Alteration of EGFR spatiotemporal dynamics suppresses signal transduction.
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The epidermal growth factor receptor (EGFR), which regulates cell growth and survival, is integral to colon tumorigenesis. Lipid rafts play a role in regulating EGFR signaling, and docosahexaenoic acid (DHA) is known to perturb membrane domain organization through changes in lipid rafts. Therefore, we investigated the mechanistic link between EGFR function and DHA. Membrane incorporation of DHA into immortalized colonocytes altered the lateral organization of EGFR. DHA additionally increased EGFR phosphorylation but paradoxically suppressed downstream signaling. Assessment of the EGFR-Ras-ERK1/2 signaling cascade identified Ras GTP binding as the locus of the DHA-induced disruption of signal transduction. DHA also antagonized EGFR signaling capacity by increasing receptor internalization and degradation. DHA suppressed cell proliferation in an EGFR-dependent manner, but cell proliferation could be partially rescued by expression of constitutively active Ras. Feeding chronically-inflamed, carcinogen-injected C57BL/6 mice a fish oil containing diet enriched in DHA recapitulated the effects on the EGFR signaling axis observed in cell culture and additionally suppressed tumor formation. We conclude that DHA-induced alteration in both the lateral and subcellular localization of EGFR culminates in the suppression of EGFR downstream signal transduction, which has implications for the molecular basis of colon cancer prevention by DHA.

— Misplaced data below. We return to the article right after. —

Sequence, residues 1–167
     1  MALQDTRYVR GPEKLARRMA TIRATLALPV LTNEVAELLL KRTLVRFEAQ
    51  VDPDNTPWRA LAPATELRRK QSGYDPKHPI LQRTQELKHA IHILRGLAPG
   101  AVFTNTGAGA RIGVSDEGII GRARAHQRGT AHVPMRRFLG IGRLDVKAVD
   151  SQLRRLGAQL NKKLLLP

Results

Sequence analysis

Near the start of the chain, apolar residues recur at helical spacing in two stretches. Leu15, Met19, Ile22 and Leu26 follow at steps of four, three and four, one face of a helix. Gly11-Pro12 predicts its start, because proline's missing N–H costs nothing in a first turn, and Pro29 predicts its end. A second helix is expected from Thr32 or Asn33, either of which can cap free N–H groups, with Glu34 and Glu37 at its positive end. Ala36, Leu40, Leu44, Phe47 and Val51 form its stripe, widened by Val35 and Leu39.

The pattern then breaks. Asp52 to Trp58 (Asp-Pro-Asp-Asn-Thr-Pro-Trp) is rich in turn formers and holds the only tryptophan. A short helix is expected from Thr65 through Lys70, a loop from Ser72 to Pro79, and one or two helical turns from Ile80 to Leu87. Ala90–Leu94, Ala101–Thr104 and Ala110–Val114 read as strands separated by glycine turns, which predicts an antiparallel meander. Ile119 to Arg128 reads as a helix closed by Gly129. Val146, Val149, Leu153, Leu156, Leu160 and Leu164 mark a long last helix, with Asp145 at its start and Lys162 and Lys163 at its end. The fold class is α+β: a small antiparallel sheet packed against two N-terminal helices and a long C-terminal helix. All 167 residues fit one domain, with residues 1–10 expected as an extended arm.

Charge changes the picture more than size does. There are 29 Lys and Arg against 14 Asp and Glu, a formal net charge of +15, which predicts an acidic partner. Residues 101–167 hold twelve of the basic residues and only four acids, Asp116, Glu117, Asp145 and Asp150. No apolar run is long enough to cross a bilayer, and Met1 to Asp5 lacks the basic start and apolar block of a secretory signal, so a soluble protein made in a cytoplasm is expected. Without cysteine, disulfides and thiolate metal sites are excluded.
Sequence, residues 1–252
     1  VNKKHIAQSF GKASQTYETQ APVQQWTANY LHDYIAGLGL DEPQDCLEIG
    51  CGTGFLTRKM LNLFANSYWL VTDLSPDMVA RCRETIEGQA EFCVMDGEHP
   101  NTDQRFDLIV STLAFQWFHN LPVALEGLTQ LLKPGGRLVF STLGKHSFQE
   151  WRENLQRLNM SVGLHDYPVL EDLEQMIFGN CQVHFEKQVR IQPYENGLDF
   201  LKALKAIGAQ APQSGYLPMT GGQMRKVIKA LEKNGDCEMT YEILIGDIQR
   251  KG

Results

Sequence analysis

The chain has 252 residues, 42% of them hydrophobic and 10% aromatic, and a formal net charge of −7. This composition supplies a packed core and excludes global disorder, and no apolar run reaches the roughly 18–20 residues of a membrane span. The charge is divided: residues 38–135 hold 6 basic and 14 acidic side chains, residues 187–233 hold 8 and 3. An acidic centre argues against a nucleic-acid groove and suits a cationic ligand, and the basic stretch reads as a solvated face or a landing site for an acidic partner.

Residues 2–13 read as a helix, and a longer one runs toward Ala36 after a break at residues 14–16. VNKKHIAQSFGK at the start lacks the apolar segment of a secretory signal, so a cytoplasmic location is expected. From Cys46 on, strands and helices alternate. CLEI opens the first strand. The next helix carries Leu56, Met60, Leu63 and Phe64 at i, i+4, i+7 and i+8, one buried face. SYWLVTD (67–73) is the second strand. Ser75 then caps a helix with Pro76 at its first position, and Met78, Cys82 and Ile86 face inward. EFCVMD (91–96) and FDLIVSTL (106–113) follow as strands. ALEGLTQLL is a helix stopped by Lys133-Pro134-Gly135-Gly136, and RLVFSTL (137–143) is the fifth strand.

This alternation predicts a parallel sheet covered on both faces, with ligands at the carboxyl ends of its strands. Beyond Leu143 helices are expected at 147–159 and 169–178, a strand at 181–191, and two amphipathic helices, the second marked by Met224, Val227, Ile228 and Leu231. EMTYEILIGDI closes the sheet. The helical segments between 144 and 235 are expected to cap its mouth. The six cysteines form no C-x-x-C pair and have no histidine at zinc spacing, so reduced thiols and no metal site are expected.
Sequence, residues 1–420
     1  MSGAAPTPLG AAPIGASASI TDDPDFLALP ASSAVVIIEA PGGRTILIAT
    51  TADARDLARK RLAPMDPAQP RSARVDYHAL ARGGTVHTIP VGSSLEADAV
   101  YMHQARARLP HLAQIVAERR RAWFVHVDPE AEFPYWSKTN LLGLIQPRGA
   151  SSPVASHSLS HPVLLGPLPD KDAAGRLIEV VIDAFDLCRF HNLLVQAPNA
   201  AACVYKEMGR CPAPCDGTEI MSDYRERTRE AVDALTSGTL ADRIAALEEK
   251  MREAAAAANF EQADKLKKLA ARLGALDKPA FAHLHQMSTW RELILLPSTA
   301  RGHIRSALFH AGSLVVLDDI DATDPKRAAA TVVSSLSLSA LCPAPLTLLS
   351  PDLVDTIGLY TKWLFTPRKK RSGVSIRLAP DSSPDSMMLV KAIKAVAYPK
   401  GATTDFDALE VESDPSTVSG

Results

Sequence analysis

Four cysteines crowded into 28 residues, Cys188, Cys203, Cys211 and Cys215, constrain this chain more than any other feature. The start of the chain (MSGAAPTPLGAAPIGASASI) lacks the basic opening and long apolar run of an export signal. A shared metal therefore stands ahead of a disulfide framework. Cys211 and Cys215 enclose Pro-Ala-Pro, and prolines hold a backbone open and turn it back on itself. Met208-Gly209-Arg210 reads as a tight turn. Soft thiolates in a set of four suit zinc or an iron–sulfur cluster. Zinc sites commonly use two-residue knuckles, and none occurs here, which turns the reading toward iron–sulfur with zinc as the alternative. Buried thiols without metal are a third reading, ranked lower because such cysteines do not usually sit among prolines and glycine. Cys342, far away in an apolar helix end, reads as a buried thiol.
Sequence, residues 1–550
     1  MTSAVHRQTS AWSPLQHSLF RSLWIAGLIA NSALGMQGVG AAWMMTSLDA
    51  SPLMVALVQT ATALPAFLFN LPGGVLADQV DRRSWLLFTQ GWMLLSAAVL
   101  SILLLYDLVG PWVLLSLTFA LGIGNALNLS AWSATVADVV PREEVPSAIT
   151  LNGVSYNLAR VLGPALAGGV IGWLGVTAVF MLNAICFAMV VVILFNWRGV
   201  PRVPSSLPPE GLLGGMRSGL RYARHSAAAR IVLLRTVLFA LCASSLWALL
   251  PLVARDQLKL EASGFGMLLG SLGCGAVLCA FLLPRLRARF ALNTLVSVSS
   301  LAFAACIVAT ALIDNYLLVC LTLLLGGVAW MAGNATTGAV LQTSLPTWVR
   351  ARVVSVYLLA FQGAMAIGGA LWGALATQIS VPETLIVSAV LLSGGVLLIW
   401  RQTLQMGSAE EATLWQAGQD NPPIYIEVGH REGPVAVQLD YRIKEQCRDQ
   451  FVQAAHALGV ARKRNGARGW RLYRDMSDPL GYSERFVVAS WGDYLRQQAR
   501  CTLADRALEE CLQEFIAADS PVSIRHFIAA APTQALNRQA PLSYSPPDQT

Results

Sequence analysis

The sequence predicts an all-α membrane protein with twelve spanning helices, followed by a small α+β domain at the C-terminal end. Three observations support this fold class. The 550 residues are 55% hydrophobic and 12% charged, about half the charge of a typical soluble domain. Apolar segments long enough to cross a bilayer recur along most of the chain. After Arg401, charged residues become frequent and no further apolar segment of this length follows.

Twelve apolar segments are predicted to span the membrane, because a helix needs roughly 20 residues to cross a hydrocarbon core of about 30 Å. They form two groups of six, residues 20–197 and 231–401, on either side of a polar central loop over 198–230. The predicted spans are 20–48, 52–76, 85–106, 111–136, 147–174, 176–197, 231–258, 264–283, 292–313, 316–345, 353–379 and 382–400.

author list (cited authors)
Turk, H. F., Barhoumi, R., & Chapkin, R. S.
complete list of authors
Turk, Harmony F||Barhoumi, Rola||Chapkin, Robert S
editor list (cited editors)